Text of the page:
By Conor Orr/The Star-Ledger
Mark Sanchez got the attention of his receivers, tight ends, running backs and fellow quarterbacks after a practice before the preseason game with Carolina last week and told them all to gather in the meeting room in 10 minutes.
He’d secured the film from the practice they just completed and put it on the projector screen, stealing away the first few moments of freedom players use to soak in the cold tub or stop off at the cafeteria.
As the reps scrolled by, he pointed out when the passing game was out of sync. What a perfect play should look like. When a route was cut too short.
Jordan White, a rookie receiver, had seen the struggles caused by an unhealthy core of wide receivers this camp. He knew that to replace the time spent from missed reps, these meetings would become crucial.
“Nobody is saying no to him,” said White who was waived tonight at the Jets cut down to their 53-man roster. “He commanded us on where he wanted to be. He got us all on the same page, and I think I paid off.”
For another year, the cram sessions — a reoccurring fixture that took place during the regular season last year — have become a necessity to help the passing game sustain itself through a series of injuries.
Santonio Holmes, the returning playmaker, injured his ribs in the preseason Green and White game and made a limited debut against Carolina.
Jeremy Kerley, the team’s slot receiver, hurt his hamstring early in a camp practice and played in one preseason game as well.
Chaz Schilens, brought in this offseason from Oakland, injured his ankle against the Cincinnati Bengals in the preseason opener and has not been in a game since.
In some ways, it’s no different than Sanchez’s experience in last year’s preseason, when it was a struggle to get Holmes, Plaxico Burress and Derrick Mason on the field at the same time. Now there is also a new offense to learn.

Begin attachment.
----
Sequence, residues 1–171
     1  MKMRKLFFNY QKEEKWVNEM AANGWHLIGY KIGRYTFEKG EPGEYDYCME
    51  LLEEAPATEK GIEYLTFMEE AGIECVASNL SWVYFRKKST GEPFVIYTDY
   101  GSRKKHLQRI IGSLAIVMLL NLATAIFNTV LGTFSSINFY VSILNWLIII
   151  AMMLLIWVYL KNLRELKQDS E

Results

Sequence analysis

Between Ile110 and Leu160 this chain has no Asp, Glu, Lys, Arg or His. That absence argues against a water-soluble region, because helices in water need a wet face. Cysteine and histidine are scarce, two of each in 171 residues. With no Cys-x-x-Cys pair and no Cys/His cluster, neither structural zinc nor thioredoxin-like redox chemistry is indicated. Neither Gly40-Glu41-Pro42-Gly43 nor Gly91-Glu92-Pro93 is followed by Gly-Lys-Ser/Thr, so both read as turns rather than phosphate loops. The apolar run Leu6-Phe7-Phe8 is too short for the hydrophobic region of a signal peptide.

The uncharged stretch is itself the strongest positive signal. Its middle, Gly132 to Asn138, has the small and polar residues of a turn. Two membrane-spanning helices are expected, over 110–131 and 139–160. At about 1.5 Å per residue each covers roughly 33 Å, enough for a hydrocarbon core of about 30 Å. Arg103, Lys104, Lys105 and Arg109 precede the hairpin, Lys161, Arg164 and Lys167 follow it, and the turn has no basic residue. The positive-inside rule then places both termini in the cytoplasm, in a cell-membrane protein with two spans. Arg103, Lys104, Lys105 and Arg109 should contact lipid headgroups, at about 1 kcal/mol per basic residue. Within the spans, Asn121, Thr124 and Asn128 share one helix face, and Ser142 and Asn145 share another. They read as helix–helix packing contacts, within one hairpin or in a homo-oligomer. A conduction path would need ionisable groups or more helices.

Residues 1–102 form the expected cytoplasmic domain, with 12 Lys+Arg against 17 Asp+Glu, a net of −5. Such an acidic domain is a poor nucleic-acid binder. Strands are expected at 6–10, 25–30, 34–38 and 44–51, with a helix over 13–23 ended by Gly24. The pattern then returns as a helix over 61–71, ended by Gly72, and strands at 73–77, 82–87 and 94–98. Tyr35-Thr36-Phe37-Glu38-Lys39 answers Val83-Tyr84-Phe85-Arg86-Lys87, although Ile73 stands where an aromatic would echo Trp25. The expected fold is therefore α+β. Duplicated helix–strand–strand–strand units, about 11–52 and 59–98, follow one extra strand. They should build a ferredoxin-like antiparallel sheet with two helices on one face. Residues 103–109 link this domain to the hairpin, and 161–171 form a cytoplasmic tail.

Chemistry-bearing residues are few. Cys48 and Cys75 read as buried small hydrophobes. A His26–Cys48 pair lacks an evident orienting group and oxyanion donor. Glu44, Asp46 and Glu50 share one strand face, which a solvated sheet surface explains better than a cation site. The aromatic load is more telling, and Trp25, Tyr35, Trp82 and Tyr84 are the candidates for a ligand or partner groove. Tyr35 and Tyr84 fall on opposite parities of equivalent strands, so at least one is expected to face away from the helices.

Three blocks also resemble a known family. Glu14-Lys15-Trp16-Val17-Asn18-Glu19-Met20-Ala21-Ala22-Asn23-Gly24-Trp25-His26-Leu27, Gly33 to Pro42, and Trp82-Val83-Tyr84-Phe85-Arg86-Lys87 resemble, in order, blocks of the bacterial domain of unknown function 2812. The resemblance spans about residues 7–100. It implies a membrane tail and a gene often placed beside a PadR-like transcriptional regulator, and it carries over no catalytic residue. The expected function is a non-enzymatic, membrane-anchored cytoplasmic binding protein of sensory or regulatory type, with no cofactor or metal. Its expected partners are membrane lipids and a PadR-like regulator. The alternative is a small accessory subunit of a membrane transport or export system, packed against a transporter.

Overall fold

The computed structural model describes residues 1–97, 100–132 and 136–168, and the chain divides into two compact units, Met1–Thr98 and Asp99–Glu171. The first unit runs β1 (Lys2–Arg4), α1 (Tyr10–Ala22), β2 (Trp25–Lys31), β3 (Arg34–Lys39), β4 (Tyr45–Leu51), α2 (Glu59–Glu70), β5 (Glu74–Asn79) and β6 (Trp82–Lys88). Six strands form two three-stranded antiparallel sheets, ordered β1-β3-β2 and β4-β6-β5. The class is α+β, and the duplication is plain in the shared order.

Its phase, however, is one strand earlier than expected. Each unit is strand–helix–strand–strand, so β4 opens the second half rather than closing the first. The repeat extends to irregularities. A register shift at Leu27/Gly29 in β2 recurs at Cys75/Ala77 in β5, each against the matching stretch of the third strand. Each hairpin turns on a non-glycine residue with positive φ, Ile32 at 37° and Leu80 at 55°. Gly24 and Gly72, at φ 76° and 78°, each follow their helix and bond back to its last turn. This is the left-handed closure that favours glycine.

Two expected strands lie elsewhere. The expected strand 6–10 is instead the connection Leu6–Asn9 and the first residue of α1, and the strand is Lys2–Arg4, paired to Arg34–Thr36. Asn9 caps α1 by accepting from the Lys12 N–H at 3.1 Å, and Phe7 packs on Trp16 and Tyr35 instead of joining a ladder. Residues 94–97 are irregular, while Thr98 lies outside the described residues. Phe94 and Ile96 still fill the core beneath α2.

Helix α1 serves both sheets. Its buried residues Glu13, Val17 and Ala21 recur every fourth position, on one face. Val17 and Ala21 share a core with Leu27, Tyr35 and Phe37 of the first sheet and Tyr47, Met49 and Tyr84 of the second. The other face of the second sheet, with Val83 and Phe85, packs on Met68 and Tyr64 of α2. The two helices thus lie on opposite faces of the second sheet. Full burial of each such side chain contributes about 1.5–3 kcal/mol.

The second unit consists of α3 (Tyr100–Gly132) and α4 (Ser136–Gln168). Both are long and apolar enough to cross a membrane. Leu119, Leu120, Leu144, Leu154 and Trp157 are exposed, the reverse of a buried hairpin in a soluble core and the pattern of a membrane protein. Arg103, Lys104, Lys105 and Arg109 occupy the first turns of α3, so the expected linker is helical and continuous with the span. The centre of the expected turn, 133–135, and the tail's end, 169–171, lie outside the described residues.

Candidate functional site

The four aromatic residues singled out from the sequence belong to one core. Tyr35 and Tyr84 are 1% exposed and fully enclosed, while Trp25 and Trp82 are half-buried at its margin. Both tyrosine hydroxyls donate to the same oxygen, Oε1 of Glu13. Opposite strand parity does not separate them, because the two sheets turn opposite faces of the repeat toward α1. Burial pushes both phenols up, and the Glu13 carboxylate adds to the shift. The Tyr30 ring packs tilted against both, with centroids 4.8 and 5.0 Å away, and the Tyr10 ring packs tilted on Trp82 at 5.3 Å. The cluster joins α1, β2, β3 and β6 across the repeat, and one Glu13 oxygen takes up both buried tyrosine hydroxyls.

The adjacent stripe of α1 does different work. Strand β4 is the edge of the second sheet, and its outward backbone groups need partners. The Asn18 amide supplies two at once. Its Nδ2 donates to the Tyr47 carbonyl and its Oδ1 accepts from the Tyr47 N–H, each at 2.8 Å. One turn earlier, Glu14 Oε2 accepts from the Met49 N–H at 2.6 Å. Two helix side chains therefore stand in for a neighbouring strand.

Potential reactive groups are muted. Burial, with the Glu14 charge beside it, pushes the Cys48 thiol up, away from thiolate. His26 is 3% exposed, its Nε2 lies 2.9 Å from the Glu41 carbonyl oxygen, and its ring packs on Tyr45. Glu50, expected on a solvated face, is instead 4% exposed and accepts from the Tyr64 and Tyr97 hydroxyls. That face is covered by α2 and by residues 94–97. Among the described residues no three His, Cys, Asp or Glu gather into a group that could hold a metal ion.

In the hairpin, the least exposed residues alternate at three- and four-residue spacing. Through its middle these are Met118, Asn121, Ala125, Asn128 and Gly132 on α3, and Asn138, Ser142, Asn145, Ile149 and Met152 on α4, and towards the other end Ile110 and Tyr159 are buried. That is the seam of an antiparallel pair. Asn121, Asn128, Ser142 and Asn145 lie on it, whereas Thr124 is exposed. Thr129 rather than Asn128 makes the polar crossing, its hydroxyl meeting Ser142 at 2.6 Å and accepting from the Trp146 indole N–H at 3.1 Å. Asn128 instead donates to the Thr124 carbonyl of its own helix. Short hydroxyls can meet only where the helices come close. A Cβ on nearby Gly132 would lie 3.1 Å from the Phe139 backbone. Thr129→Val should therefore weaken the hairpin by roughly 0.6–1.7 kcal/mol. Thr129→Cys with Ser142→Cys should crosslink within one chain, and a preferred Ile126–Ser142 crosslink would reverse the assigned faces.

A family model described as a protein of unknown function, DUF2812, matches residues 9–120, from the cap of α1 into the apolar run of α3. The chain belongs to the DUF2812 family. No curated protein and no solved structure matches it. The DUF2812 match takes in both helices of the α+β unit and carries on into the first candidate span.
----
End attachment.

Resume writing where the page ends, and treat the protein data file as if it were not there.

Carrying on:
From that experience, Sanchez said he learned only “that you need reps during training camp. Other than that,…there’s nothing really to do, other than prepare, study and use this time as best you can,” he said. “So we can’t use that as an excuse, and no one is going to feel bad for us.”
White said that in separate wide receiver meetings, some have privately discussed the need to increase conditioning workouts to ensure that there was no lag once they returned to the field and that the timing stays the same so Sanchez and the receivers don’t have to forge a relationship all over again.
“We have to do a better job for him,” White said. “A lot of us have been down, a lot of us have been injured and coming back at different times. So obviously it’s tough for a guy like him who’s been there this whole time and he’s getting mixed reviews from the receivers.”
Schilens, who said today that his ankle will be healthy enough to allow him to play against Buffalo in the opener, opted to take some extra sessions with Sanchez following practice.
Kerley, who feels 100 percent for the first time in more than a month and plans to play next Sunday, opted for side conversations throughout practice.
“We stayed talking to him,” Kerley said. “We stayed communicating, so I think the timing is right where it needs to be.”
White got some extra time in today. After practice, he ran a route slightly off, causing Sanchez to overthrow a pass. When the ball arrived, still in a catchable range, White dropped it. Sanchez turned to him and said, “Let’s get that after practice” and tracked him down a short while later, making White run it five more times.
“We fixed that right there,” White said. “I can tell any little detail he’s willing to fix. This guy obviously cares about it more than anything else going on.”